You know, maybe I’m missing something here (which is entirely possible), but I don’t think I like what’s happening in Indiana. According to the Wall Street Journal, there is a bill making its way through the Indiana House of Representatives which would, reportedly, bar a private union from requiring that a worker belong to the union before the union has to bargain on behalf of the worker. This would change Indiana law rather significantly for unions:
In Indiana currently, if a union bargains for a group of employees at a workplace, all workers covered by the contract must belong to the union.
As a conservative, this proposed legislation sounds like one of the worst ideas ever. A union, like a country club, is a private organization with operating costs and limited resources, right? Why would it use its own resources to bargain on behalf of a non-member? More importantly, where does the government get off telling private organizations – and private businesses – what they can and can’t do?
Look, if someone wants to be in a union, he should be able to. If he doesn’t want to be in a union, he shouldn’t have to. If a private company wants to hire only union members, it should be able to. If the private company doesn’t want to hire any union members, it shouldn’t have to. This seems like a no-brainer. Of course, I’m the guy who thinks an owner should be able to hire and/or serve whomever he wants at his restaurant, for whatever reason, since it’s his restaurant; others, including the Supreme Court, disagree. So what do I know?
When I said private and public unions are different animals, I meant it. When I said private unions, as opposed to public unions, should be able to exist and bargain for better pay and benefits, I meant it. The entire point of being a conservative is advocating for small government. When the government is telling private citizens, groups, and companies what they can and can’t do, the government is no longer small.
If the Indiana bill proposes to do what the Wall Street Journal says it does, then conservatives everywhere should be with the unions in defeating it. Just because legislation is offered by a Republican doesn’t make it any less instrusive.
Why am I continuing with this? Because it is, without question, the most important event out there right now. In fact, it’s approaching “day of reckoning” status for the left. Whether you believe it or not, we’re in a financial mess that can’t simply be kicked down the road anymore. The Republicans in Congress lack the political will to do what is necessary. They will follow the lead of the states, where Republicans are far more likely to get things done, simply because they can’t print their own money.
It’s pretty rare to see a local budgetary issue become the national phenomenon that is now Wisconsin. And the liberals are out in force. A good summary of their position is offered by Paul Krugman in the New York Times. Because it’s full of unsupported nonsense, we will address it.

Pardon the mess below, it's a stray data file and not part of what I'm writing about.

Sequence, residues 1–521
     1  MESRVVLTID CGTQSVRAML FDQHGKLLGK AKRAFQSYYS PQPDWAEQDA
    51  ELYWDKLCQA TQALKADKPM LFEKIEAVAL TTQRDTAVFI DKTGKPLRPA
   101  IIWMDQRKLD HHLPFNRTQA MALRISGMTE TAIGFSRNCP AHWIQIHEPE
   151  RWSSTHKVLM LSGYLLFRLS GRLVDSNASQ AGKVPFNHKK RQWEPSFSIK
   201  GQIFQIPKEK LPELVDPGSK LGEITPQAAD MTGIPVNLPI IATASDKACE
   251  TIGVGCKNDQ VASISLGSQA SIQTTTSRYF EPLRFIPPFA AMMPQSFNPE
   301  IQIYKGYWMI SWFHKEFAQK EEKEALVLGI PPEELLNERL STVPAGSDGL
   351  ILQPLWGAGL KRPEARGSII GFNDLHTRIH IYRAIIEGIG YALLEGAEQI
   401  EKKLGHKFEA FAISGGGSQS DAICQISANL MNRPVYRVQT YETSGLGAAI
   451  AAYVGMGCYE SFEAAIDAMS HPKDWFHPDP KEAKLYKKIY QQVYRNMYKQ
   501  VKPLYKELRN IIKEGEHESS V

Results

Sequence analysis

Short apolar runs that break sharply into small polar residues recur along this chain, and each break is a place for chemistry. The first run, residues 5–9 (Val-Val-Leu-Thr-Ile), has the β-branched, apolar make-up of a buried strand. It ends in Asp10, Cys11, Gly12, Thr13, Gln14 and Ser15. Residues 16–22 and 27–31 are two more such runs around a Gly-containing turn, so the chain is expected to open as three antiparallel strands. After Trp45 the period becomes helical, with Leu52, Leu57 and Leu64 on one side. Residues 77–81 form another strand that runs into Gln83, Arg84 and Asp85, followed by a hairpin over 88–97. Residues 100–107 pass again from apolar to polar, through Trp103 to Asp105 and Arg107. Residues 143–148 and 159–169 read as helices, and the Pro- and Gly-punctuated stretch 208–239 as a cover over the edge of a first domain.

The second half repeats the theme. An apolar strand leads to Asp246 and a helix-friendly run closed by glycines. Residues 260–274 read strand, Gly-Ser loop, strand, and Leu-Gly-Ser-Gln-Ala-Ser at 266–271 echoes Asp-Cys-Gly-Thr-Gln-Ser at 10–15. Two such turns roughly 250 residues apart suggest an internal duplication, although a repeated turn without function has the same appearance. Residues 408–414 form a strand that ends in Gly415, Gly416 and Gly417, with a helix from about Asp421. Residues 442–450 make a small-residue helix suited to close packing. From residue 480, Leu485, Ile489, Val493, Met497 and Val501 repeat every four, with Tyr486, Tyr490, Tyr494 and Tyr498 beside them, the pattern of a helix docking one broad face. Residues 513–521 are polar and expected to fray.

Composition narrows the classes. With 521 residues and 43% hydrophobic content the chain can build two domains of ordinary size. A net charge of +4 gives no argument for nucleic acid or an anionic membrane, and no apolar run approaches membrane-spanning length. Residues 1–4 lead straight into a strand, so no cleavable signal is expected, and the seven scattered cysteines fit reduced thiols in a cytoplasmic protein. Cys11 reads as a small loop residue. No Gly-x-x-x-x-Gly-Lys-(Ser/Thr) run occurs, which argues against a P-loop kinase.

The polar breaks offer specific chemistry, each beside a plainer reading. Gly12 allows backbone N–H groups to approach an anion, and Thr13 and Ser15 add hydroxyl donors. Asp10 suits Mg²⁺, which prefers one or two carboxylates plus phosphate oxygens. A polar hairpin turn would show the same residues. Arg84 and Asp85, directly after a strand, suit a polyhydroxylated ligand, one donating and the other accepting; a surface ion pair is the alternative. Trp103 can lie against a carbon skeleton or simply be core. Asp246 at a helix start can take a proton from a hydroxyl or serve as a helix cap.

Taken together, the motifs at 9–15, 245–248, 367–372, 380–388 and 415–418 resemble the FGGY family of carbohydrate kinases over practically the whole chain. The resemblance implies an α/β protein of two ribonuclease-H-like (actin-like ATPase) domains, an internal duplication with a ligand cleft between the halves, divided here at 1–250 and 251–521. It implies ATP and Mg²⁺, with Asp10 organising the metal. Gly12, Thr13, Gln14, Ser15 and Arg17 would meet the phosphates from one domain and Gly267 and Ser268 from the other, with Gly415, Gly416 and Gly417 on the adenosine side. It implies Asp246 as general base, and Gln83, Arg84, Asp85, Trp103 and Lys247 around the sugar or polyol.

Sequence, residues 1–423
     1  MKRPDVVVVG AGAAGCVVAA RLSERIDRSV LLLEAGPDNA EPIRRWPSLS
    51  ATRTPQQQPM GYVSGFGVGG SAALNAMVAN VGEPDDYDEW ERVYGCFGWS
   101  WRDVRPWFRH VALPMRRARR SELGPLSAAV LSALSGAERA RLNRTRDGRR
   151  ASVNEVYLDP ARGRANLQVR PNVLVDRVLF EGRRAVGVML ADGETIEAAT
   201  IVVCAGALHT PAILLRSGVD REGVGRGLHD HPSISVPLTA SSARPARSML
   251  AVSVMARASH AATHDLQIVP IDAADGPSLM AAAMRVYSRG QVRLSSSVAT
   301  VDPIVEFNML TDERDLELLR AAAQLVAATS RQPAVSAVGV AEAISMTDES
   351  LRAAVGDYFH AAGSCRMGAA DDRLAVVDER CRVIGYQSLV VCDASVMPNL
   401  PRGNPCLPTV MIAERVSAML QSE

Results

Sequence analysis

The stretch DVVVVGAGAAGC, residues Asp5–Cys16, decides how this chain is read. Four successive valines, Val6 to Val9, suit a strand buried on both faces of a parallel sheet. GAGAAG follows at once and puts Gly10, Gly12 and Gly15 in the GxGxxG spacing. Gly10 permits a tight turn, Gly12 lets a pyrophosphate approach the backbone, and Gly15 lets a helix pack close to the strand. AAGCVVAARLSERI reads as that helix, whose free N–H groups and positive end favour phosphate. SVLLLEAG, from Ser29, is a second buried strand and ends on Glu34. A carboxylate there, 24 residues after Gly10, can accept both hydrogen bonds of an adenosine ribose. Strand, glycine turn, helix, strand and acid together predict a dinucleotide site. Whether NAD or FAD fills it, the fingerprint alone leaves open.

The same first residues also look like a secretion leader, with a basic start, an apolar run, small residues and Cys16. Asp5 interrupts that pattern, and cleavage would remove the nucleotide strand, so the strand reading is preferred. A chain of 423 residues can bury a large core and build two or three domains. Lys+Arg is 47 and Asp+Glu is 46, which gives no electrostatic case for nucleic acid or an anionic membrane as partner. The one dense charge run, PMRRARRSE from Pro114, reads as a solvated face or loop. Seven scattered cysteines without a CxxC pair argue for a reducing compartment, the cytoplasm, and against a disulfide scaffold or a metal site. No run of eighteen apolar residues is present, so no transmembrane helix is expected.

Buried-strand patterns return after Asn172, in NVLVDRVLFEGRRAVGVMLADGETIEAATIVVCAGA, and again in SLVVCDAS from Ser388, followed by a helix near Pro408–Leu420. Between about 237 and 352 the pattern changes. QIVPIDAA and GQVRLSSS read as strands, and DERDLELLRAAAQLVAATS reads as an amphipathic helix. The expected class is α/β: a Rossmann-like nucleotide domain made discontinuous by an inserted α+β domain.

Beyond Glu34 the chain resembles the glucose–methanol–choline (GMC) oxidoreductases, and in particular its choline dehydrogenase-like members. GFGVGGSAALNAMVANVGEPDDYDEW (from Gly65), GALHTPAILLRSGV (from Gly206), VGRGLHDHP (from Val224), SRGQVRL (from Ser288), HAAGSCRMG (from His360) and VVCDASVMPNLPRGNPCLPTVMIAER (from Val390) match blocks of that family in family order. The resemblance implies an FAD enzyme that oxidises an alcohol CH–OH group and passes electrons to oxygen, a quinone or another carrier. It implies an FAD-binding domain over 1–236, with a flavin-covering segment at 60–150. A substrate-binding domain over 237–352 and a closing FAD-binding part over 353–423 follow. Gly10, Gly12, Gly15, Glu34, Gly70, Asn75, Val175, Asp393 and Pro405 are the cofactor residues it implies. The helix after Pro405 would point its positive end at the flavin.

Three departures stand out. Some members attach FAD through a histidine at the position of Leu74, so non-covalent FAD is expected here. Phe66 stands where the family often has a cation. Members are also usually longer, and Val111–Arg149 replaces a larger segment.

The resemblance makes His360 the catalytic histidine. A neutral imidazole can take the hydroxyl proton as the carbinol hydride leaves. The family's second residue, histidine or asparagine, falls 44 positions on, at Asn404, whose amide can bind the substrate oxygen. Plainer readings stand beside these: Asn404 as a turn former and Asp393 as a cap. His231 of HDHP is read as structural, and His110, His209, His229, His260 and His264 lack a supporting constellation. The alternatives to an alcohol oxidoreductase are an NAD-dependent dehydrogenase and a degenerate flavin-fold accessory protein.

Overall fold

For what’s happening in Wisconsin isn’t about the state budget, despite Mr. Walker’s pretense that he’s just trying to be fiscally responsible. It is, instead, about power.
Krugman is right. It is about power. But not the kind he’s referring to.
What Mr. Walker and his backers are trying to do is to make Wisconsin — and eventually, America — less of a functioning democracy and more of a third-world-style oligarchy.
Krugman asserts a common liberal theme here–that big corporations bought the most recent election for the Republicans, and are now attempting to take over America by destroying the middle class. Except what’s happening in Wisconsin has nothing to do with big business. It has to do with the people of Wisconsin deciding that they are the ones who pay the bills, which include the salaries and benefits of the public employees who are massing in Madison. And those bills are continuing to increase. Krugman’s response: it has nothing to do with the budget.
Why bust the unions? As I said, it has nothing to do with helping Wisconsin deal with its current fiscal crisis. Nor is it likely to help the state’s budget prospects even in the long run: contrary to what you may have heard, public-sector workers in Wisconsin and elsewhere are paid somewhat less than private-sector workers with comparable qualifications, so there’s not much room for further pay squeezes.
Note Krugman’s use of vague phrases like “comparable qualifications” and his failure to cite to any authority for his general assertion. Those are the signs of fibbers. Well, others have done the research, and not surprisingly, Krugman is full of beans. According to the MacIver Institute for Public Policy, a Wisconsin-based think tank, the median income of a Milwaukee Public School teacher is $56,500.00. With benefits, the total income goes up to $100,005.00/year. The Milwaukee per capita income is just over $19,000.00, and the median family income is $43,000.00. With these figures in mind, and the attitude of the Wisconsin people, it’s little wonder that the public employee unions have recently offered concessions. The Governor isn’t interested. Krugman’s view: